The Health Ministry instructed hospitals in Israel to begin conducting PCR tests on new patients for the next week due to a recent rise in novel coronavirus (SARS-CoV-2) cases on Monday.
Last week, 136 new cases were reported on average each day, compared to 104 new cases each day two weeks earlier, according to data from the Health Ministry. Meanwhile, the number of hospitalized patients with COVID-19 decreased in recent days, with 42 patients in serious condition and 20 in moderate condition as of Sunday.
The Health Ministry noted that most of the cases in Israel are being tested with home tests or non-lab tests, making it harder for officials to track infection rates. The decision to require PCR tests in hospitals will allow health officials to more effectively track the infection rates.
Health officials keeping an eye on BA.2.86 variant
The increase in cases comes as health officials across the world track the spread of the BA.2.86 variant (colloquially referred to as "Pirola") of the coronavirus.
Samson Assuta Ashdod University Hospital announced on Monday that BA.2.86 accounted for over 16% of cases in Israel as of Sunday night based on Health Ministry data.
The variant has dozens of mutations, with initial studies finding that BA.2.86 is able to evade much of the immunity provided by previous infections and vaccinations, but has a harder time spreading between people.
Immunologist Yunlong Richard Cao reported that experiments examining how the virus interacts with various antibodies found that it could avoid antibodies provided by older variants, including the more prevalent XBB.1.5 variant. XBB.1.5 is being used as the basis for a new coronavirus vaccine booster set to be used this fall.
In sum, we found that BA.2.86 is antigenically distinct from XBB.1.5 and can escape XBB-induced neutralizing antibodies. The updated vaccine's efficacy against BA.2.86 should be closely monitored; however, BA.2.86 may not prevail very fast due to its lower infectivity. (7/n)— Yunlong Richard Cao (@yunlong_cao) August 31, 2023
Cao noted that the experiments also found that BA.2.86 is less infective than than XBB.1.5 and EG.5 variants, due to a number of mutations it contains.
"In sum, we found that BA.2.86 is antigenically distinct from XBB.1.5 and can escape XBB-induced neutralizing antibodies," wrote Cao. "The updated vaccine's efficacy against BA.2.86 should be closely monitored; however, BA.2.86 may not prevail very fast due to its lower infectivity."
A different study of immunity by a team led by researchers Ben Murrell and Daniel Sheward found that blood samples from before and after the emergence of XBB variant found that the samples from after XBB were "substantially better" at neutralizing BA.2.86.
The pre-XBB samples were poor at neutralizing BA.2.86 (and not much better against XBB.1.5). But, somewhat encouragingly, last week's samples were substantially better, with 8 out of 12 neutralizing BA.2.86 at titers over 100. pic.twitter.com/jmVdKRw2Sy— Ben Murrell (@BenjMurrell) September 1, 2023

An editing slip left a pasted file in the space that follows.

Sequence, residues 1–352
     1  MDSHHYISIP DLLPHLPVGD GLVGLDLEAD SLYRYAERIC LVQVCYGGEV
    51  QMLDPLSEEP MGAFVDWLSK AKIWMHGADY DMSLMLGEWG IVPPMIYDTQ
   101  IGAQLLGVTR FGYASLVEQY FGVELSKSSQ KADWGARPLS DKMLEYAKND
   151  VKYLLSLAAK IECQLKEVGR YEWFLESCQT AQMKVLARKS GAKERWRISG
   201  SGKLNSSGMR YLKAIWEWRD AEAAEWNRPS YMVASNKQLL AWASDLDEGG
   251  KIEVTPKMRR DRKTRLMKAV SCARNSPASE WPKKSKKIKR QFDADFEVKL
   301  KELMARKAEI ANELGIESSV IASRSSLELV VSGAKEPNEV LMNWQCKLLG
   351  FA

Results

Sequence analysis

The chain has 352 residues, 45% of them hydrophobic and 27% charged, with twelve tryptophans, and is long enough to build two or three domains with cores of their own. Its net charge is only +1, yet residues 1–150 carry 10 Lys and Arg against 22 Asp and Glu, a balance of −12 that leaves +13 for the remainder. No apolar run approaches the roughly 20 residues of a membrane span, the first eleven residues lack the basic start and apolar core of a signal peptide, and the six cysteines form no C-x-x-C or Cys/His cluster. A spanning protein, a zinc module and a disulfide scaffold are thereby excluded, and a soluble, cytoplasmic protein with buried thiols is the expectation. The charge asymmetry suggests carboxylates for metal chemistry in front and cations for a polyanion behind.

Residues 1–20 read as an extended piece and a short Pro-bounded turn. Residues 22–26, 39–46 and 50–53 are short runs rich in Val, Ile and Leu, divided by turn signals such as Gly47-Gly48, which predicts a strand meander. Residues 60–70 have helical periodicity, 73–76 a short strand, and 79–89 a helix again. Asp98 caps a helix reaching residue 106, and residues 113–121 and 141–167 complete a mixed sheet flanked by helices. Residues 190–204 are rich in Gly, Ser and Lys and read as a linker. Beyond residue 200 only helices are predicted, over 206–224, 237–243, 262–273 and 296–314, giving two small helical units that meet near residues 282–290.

Scientists have noted that, so far at least, there are no signs that the illness caused by BA.2.86 is any more severe than other recent variants.
Variant appears to be spreading closely although situation remains unclear
The variant also does not appear to be spreading quickly, although some researchers have stressed that it could take longer for it to reach its peak infection rate.
Molecular virologist Marc Johnson noted that Delta also spread slowly before hitting "critical mass" and spreading quickly across the globe.
Shay Fleishon, executive director at BioJerusalem and a former advisor to the Central Virology Laboratory at Sheba Medical Center, noted that BA.2.86 may not actually be spreading that slowly compared to BA.2 and a version of the Delta variant. The perception of it spreading slowly made be due to comparisons to BA.1, which spread unusually fast, according to Fleishon.
Excellent point by @SolidEvidence - does BA.2.86 actually slow? So I analyzed the initial samples of BA.2.86, BA.2, and Delta 21J (searched by their unique mutational patterns). The data suggests that BA.2.86 is not that slow to proliferate, even without accounting for current… https://t.co/6pAAFeNEZb pic.twitter.com/sYOSJeexoH— shay fleishon (@shay_fleishon) August 31, 2023
Fleishon theorized as well that the relatively slow increase in confirmed tests of BA.2.86 may be more indicative of low surveillance efforts worldwide and not of the variant's lack of success. Fleishon pointed to the quick spread of the variant across multiple countries in distant locations in a relatively short timeframe as an indicator that the variant may be more successful than it appears to be.
Decreased surveillance has also made it difficult to accurately judge how quickly BA.2.86 is spreading and is posing difficulties in catching future variants.
It's easy to forget, but in spring 2021, many were arguing we didn't need to worry about Delta because the first sequences had appeared months before. If Delta was a real threat, they argued, it should have swept the field in the intervening months. https://t.co/glMVYBj12H— Ryan Hisner (@LongDesertTrain) August 30, 2023
"The fact...that another Omicron-like emergence event has occurred, with that long unobserved branch and subsequent spread, should warn us against giving up our genomic surveillance infrastructure," wrote Murrell on X (formerly Twitter).